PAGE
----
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I will have a 5 or 6 DOF arm build with Dynamixel or HerculeX smart servos. I need to move the gripper along Cartesian trajectory, which I will calculate in my C++ application. I looked at ROS, but the learning curve is pretty steep and it looks like a major overkill for this use case. I don't need a distributed system with all the complexity it brings. Preferably, I would like to call a standalone C++ library or libraries to get the arm actuated.

What are my options? What will be the limitations of not using a full blown robotics framework like ROS or YARP in this case.

EDIT

Here is how I would like to code it:

vector<Point> way_points;
vector<Pose>  way_poses;

compute_Cartesian_trajectory(way_points, way_poses);   // my code
execute_Cartesian_trajectory(way_points, way_poses);   // library call

The last line can be spread over several library function calls and intermediate data structures, if needed. The end result should be the gripper physically following Cartesian trajectory given by way_points and way_poses.

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    $\begingroup$ If you use ROS, you have a lot of other tools, e.g. RVIZ which is a nice visualization that you definitely need in some kind. $\endgroup$
    – FooTheBar
    Oct 5, 2015 at 11:56
  • $\begingroup$ Can you elaborate on what you are trying to achieve, and what you need? Do you need something to do the Jacobian math for you, trajectory control, hardware interface, visualization, something else, or all of the above? Also, what are you calculating and what do you want the library to calculate? $\endgroup$
    – Ben
    Oct 5, 2015 at 17:37
  • $\begingroup$ @Ben I edited my question with code example. I need Jacobian math, trajectory control, hardware interface, visualization is optional. $\endgroup$ Oct 6, 2015 at 0:58
  • $\begingroup$ Why not using OpenGL directly? It seems the project is not impossible. You will have control over every thing. Use odeint C++ for solving the differential equations and OpenGL for the visualization and Eigen library for linear algebra. I did this for simulating quadrotor. $\endgroup$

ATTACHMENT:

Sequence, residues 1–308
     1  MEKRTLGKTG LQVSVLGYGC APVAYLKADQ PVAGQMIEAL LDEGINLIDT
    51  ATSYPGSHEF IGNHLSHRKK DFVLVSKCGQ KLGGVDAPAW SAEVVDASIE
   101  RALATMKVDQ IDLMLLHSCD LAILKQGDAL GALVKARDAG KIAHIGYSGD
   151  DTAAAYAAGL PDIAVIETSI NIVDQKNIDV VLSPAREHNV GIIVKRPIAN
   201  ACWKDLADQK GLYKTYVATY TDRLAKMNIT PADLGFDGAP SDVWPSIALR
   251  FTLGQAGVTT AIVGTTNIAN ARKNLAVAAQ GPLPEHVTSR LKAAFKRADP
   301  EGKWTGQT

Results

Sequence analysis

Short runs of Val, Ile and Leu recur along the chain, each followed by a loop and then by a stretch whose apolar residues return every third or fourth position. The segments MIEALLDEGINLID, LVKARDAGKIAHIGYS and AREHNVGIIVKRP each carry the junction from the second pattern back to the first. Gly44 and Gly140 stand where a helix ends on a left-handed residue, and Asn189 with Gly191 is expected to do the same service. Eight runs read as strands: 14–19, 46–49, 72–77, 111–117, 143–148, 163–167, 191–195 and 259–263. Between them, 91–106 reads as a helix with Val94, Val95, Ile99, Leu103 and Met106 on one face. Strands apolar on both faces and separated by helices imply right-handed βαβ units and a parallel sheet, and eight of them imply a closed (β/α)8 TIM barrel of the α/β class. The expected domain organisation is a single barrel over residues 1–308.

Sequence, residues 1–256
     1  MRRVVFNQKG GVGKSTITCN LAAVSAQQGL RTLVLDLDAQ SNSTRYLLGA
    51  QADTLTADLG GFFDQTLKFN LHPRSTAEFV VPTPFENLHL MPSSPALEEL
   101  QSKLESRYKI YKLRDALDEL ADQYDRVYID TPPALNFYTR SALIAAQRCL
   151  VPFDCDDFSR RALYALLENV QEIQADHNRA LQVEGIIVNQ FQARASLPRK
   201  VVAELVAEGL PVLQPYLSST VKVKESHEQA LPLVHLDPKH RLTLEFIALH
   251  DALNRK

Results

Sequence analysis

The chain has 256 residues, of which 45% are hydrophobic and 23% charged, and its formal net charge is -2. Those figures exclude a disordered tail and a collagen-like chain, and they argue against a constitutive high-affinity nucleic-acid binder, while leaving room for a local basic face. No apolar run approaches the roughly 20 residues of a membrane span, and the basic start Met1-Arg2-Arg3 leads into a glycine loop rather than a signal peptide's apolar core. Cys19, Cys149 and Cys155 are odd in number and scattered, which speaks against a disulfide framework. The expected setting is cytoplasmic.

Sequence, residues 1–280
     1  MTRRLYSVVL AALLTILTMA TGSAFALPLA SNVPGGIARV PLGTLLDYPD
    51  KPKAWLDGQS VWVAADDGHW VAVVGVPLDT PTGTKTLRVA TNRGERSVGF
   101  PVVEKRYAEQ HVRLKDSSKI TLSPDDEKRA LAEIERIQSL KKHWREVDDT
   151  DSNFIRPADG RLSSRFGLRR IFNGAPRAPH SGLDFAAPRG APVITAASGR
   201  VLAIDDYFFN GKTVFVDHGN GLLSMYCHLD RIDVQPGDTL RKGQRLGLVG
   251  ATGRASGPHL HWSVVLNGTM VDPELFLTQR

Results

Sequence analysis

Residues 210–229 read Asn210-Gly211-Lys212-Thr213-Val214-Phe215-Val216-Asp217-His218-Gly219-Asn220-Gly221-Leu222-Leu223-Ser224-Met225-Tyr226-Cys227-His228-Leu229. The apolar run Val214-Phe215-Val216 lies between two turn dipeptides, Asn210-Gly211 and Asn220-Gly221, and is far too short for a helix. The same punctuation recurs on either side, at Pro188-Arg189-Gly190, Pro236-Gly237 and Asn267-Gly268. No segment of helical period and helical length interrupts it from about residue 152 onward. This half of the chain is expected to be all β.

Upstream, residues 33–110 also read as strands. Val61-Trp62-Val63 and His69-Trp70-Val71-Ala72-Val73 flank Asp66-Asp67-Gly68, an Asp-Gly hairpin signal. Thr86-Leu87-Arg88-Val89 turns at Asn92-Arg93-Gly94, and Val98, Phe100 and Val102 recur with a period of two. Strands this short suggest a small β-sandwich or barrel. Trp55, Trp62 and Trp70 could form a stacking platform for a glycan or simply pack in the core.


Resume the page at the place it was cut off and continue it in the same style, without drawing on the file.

– CroCo
    Oct 7, 2015 at 0:33
  • $\begingroup$ @CroCo It is doable, but I'm trying to avoid reinventing the wheel and focus on solving my core problem. There has been thousands of people, who did it before and I want to mostly reuse their effort. $\endgroup$ Oct 7, 2015 at 0:55

2 Answers 2

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Cross post on YARP Q&A channel:

https://github.com/robotology/QA/issues/54

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The library call could be as simple as these two OpenRave Python lines:

robot.GetController().SetPath(traj)
robot.WaitForController(0)

Of course the types would have to match and all that. You would also have to write a controller plugin, which I have heard can be quite a bit of work. (These are just Python bindings for the C++ API, but I am not familiar enough with the C++ API and the calls are slightly different).

That being said, I use OpenRave a lot for forward / inverse kinematics and Jacobian stuff. But wrote my own trajectory follower and robot interface.

You should also check out Orocos KDL, it seems to have some support for trajectories, but I don't know if will "execute" the trajectory.

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  • $\begingroup$ That looks great. I found a video of Dynamixel arm controlled with OpenRAVE, but he was using ax12_controller_core ROS package for hardware interface and ROS for glue logic. Can OpenRAVE provide glue logic while using ax12_controller_core? $\endgroup$ Oct 6, 2015 at 23:07
  • $\begingroup$ No. OpenRave is pretty much a standalone library. Unlike ROS which is basically just a IPC library. OpenRave pretty much only knows how to talk to its own controllers, (which you can write a plugin for). $\endgroup$
    – Ben
    Oct 7, 2015 at 17:17

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